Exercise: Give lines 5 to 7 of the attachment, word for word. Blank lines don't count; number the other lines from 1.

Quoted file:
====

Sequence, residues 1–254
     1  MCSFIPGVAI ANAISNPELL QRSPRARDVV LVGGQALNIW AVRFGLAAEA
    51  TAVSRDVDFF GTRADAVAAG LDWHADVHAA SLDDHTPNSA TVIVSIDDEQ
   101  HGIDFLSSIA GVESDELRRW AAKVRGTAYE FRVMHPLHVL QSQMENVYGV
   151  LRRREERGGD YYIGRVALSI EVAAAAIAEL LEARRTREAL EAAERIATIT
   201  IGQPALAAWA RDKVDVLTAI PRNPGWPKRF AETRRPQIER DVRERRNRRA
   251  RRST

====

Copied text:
   151  LRRREERGGD YYIGRVALSI EVAAAAIAEL LEARRTREAL EAAERIATIT
   201  IGQPALAAWA RDKVDVLTAI PRNPGWPKRF AETRRPQIER DVRERRNRRA
   251  RRST